Improve Your Negotiations With The 5 Golden Rules.   LEARN THEM

“Hi – how are you?” my friend said to his teen daughter years ago after coming home from work. She erupted, yelled at him, stormed to her room and slammed the door. He turned to his wife and said “what did I do?” She replied “you talked.”

This example, shared by a long-time friend whose daughter now has teens of her own, typifies the challenges many of us parents face with teens. 

In last week’s column, I shared some strategies for this, including: focusing on your long-term goal of a well-adjusted adult; exercising patience; modeling good behavior; focusing on interests like safety and independence; using open-ended questions and phrases; and getting information before imposing consequences.

Here are some more.

– Balance their autonomy and choices with your knowledge, experience and opinions – they need to make their own mistakes and learn from them, within reason.

– A little planning before you engage may save a lot of heartache later. My wife and I almost always discuss significant issues first.

– Present a united front with your co-parent (kids can be very adept at working you against one another).

– Empathize and don’t be overly judgmental – remember when you were a kid, too.

– Help them empathize by asking what they would you do in your shoes.

– Each child is unique, so what worked with one may not work with another. But also rest assured that your child will bring up what you did with their sibling (precedent) if it’s favorable to them.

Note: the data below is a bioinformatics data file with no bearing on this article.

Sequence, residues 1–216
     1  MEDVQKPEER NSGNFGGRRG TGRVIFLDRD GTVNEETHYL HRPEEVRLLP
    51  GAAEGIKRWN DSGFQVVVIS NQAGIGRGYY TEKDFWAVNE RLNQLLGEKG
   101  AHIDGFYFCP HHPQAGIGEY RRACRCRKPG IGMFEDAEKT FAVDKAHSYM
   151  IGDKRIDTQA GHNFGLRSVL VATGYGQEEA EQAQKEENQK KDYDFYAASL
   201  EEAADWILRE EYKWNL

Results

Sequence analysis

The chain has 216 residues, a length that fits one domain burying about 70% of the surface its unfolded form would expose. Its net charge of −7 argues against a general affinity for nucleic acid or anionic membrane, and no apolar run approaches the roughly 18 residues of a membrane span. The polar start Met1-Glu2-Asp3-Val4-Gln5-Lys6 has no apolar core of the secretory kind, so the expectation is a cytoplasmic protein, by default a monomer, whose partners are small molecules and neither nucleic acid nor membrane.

– Discuss major issues with them in an environment with sufficient time to deeply engage and effectively communicate without distractions like phones.

– Your tone and approach make a big difference, so be firm and direct but flexible.

– Make sure this is a two-way street and they get an opportunity to share their interests and needs.

– Offering teens several equally palatable choices or options that satisfy your mutual interests will often be empowering to them and effective for both of you.

– Keep your lines of communication open, as it will get worse if your child clams up.

– You don’t have to reinvent the wheel, so ask friends with well-adjusted kids for advice and/or dig deeper into the research from parenting experts.

On this last point, a friend emailed me after last week’s column recommending Lisa Damour, Ph.D, “a brilliant and eminently practical psychologist whose practice focuses on teenage girls. Check out her [New York Times bestselling] book “Untangled: Guiding Teenage Girls Through the Seven Transitions into Adulthood.”

I haven’t yet read Untangled – but it’s now on my list.

It was raining this past weekend, and my daughter and her friend asked me to join them in playing Wisconsinopoly (the Wisconsin version of Monopoly). It was fun and a great opportunity to see my daughter negotiate – with me and her friend!

Latz’s Lesson: Negotiating with teens may be the most challenging negotiation parents face on the home front. Getting it right might also be the most consequential one of our lives.

 * Marty Latz is the founder of Latz Negotiation, a national negotiation training and consulting company that helps individuals and organizations achieve better results with best practices based on the experts’ research. He can be reached at 480.951.3222 or

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